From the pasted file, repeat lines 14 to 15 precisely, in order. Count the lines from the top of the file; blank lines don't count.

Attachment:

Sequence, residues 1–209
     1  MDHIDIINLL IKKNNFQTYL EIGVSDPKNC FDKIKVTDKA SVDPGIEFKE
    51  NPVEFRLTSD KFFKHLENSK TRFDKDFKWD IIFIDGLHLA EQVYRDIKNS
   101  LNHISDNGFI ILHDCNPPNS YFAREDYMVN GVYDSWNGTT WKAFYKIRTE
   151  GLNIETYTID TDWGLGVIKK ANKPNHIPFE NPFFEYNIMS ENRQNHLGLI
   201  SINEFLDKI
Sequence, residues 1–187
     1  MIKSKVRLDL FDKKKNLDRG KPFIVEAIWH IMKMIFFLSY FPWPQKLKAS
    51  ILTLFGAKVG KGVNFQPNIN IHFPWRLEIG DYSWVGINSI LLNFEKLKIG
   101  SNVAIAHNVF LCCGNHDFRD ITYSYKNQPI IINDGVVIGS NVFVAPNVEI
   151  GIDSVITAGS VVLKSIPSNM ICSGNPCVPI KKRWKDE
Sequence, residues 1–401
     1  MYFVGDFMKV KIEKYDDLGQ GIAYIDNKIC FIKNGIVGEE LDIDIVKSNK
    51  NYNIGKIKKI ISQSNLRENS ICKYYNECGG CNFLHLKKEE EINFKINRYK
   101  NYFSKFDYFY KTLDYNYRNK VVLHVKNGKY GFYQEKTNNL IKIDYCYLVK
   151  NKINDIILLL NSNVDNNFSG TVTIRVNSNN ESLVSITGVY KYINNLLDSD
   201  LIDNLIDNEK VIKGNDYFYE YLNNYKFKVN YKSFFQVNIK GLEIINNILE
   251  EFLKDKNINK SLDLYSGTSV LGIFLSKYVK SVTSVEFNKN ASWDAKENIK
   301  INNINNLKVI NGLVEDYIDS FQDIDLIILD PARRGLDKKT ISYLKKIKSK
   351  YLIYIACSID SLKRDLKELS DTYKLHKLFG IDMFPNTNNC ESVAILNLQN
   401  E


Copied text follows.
    51  NYNIGKIKKI ISQSNLRENS ICKYYNECGG CNFLHLKKEE EINFKINRYK
   101  NYFSKFDYFY KTLDYNYRNK VVLHVKNGKY GFYQEKTNNL IKIDYCYLVK